In May 2019, the DA moved to reduce Chief's sentence from death to life without the possibility of parole. Judge Arlan Harrell accepted the DA's request, despite defense motions to provide a sentencing memorandum. The Judge claimed that he did not have the discretion to give any sentence other than life without the possibility of parole as directed by the Ninth Circuit Court of Appeals.
A legal brief was submitted last year by Chief's sentencing appeal lawyer, Elizabeth Campbell, argues that a number of violations of Chief's constitutional rights occurred while in the Fresno courts from 2017-19.
The Respondent's (Attorney General) brief was submitted to the court, agreeing that Judge Harrell was mistaken in saying he did not have discretion to give a different sentence. The Attorney General stated that Chief is entitled to a complete resentencing, including a review of the sentences for special circumstances and gun enhancement. Elizabeth Campbell is currently writing a Reply Brief, arguing that Chief is entitled to a new trial.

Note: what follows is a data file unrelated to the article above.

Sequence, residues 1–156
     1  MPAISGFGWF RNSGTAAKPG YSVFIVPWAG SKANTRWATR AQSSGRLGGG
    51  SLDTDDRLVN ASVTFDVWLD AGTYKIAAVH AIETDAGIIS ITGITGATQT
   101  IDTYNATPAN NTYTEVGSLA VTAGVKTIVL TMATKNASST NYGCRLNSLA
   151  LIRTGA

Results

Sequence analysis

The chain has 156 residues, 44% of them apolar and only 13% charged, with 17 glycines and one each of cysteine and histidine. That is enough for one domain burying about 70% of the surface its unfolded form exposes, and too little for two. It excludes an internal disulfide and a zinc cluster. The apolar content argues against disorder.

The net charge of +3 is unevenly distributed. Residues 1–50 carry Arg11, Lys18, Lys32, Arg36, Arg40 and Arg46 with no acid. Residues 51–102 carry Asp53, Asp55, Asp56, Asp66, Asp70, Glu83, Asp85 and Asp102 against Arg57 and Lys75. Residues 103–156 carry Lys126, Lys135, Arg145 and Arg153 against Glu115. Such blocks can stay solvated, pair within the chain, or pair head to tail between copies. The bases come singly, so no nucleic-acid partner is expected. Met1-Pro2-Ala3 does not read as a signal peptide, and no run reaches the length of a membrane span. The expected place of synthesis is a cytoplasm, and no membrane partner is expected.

Chief’s LWOP sentence is on appeal to the CA 5 th District Court of Appeal. His appointed lawyer, Elizabeth Campbell has filed several briefs on his behalf. The case was fully briefed as of September, 2021 and oral argument has been waived. The CA Attorney General has conceded that he is entitled to full resentencing, including a review of the sentences for special circumstances and gun enhancement. Chief’s lawyers will be able to present mitigating evidence which should mean a lower sentence. There have been many changes in sentencing law, which work to his benefit.
Additionally, a writ of habeas corpus was submitted October 2, 2020, with a total of 19 claims for why Chief's imprisonment is unlawful. Chief's legal team filed the Petition for Writ of Habeas first in the 5th District, then in Fresno County Superior Court (FCSC). Although the habeas petition was filed in FCSC in January, 2021, there have been nothing but delays and no decision by the court. On March 29, 2022, FCSC gave itself an additional 6 months to rule. Given that delay and the judge’s continued abuse of his discretion, the team filed a Petition for Writ of Mandate with the 5 th District Court on May 19, 2022. On May 26, the 5 th District issued an order directing the CA Attorney General to respond within 30 days. Chief’s team will then have 20 days to reply.
As of June 29, 2020, the Appellate court Panel from the CA 5th District Court of Appeal has granted Chief a re-sentencing on his case and remanded it back to the lower court. The court statedthat the trial court (Judge Harrell) erred in assuming he lacked discretion in providing Chief with a different sentence. The court agreed with the Attorney General, asserting that remand for resentencing is required.
Members of the legal team file their first motion to dismiss at the Fresno Courthouse in early 2017.